Reproduced from Year 5, Issue #31 of Spirito di Vino Asia...
A one of a kind historical tasting of 1997 Amarone and Recioto wines from Italy’s Valpolicella gathered a group of erudite and passionate wine lovers to discover their aging potential
Few adults who were in Hong Kong then will ever forget 1997. The first half was magical and electrifyingly boiling with the anticipation of the handover on 01 July when China resumed sovereignty over Hong Kong after more than a century of British colonial rule. I still remember that night marking the moment with (quite) a few bottles of Champagne on a junk boat in the middle of the “fragrant harbor” as we watched HM Yacht Britannia departing Hong Kong with Prince Charles and Governor Patten on board at the culmination of a much emotionally charged handover ceremony. The other half ended with the Asian financial crisis hitting Hong Kong with full force threatening the Hong Kong dollar peg and stock markets became increasingly volatile suddenly making many people realize that Hong Kong was not economically invincible after-all. Certainly, we each have a story to tell as to where we were when these two major episodes in the history of Hong Kong engraved our memory forever.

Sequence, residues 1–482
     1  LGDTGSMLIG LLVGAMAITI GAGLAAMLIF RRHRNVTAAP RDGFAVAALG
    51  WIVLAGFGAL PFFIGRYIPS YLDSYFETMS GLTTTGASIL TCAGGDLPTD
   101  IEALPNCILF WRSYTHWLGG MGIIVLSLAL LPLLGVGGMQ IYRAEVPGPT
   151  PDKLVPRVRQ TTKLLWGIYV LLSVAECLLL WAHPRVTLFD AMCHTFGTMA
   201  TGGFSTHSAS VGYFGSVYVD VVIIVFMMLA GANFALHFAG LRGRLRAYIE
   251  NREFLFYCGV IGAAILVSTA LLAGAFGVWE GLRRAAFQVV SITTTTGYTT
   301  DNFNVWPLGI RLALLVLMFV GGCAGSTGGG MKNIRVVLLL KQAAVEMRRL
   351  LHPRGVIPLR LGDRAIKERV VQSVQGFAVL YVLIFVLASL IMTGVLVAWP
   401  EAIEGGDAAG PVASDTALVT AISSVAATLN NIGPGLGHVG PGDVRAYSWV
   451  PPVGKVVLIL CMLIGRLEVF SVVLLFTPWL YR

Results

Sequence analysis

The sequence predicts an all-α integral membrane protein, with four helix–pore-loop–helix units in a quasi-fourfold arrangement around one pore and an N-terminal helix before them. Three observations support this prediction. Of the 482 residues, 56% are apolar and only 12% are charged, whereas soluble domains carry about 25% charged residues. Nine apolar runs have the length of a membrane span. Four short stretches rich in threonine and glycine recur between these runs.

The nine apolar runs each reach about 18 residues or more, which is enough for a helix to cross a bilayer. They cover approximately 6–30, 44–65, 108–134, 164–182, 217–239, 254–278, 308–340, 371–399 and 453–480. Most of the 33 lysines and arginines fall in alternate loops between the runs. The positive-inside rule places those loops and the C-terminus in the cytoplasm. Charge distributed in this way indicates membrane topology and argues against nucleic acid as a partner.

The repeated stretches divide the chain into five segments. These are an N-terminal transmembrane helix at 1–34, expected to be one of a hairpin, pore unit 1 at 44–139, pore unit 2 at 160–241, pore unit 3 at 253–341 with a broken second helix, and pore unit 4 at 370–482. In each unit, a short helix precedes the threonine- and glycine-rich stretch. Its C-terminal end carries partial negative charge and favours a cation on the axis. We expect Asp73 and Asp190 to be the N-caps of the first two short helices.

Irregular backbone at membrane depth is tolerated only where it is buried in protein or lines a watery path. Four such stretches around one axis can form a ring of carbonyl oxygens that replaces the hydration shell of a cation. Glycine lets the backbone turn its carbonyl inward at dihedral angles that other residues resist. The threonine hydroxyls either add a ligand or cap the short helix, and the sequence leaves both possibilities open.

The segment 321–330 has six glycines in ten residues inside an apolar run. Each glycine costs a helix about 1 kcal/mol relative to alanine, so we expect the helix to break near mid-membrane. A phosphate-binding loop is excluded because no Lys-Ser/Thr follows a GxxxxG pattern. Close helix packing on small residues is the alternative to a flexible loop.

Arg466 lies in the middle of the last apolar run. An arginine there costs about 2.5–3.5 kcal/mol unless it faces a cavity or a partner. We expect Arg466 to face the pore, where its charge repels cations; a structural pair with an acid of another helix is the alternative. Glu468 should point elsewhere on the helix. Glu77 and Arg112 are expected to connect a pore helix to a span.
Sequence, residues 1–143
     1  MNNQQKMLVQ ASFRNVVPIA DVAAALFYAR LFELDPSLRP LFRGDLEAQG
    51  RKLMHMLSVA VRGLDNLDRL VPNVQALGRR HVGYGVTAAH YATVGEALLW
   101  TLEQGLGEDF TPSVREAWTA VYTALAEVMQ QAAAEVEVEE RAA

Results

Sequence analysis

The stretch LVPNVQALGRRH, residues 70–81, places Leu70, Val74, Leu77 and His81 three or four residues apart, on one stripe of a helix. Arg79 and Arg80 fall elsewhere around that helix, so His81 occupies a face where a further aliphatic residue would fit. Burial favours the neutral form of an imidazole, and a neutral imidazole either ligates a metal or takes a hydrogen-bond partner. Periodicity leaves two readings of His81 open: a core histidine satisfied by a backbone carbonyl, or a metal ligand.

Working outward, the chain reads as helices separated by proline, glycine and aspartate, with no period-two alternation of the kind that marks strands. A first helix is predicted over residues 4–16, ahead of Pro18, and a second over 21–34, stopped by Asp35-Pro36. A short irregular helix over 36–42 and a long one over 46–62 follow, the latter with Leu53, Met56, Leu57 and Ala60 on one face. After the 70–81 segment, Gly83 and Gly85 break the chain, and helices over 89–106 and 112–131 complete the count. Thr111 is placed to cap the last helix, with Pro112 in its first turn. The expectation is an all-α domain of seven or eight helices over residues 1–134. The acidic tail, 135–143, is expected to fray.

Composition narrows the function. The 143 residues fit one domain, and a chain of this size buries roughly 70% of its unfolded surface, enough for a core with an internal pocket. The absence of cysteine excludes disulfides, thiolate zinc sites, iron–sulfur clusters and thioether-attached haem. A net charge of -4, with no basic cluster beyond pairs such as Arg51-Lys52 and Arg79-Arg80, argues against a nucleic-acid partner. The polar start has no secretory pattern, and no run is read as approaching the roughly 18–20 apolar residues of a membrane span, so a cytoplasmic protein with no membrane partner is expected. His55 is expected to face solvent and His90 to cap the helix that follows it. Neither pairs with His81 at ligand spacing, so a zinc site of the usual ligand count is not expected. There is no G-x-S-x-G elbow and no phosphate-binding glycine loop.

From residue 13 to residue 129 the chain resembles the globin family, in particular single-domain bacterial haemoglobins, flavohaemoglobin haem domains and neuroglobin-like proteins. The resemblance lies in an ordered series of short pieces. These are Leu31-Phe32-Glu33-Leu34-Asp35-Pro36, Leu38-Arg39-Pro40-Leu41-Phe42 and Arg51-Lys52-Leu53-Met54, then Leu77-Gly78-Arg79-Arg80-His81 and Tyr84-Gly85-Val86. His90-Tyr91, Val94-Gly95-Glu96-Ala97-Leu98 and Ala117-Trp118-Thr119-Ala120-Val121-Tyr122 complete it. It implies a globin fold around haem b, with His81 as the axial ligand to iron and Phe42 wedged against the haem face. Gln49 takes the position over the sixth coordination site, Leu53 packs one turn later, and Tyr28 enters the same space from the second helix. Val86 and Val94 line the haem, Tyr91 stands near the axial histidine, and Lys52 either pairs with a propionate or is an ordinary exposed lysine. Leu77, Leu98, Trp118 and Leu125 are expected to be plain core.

In the same year, something quite different but equally extraordinary occurred in Valpolicella and the rest of Italy. Few Italian wine producers will forget that vintage which some have declared as “the best of the century across the board” in the country of “Il Bel Paese.” From Piedmont to Tuscany, from Sardinia to the Veneto, few vintages since have so uniformly over-performed all over Italy except perhaps 2010 and 2007. For the Veneto 1997 is considered the best year since and many of its producers had predicted great things for the wines produced that year.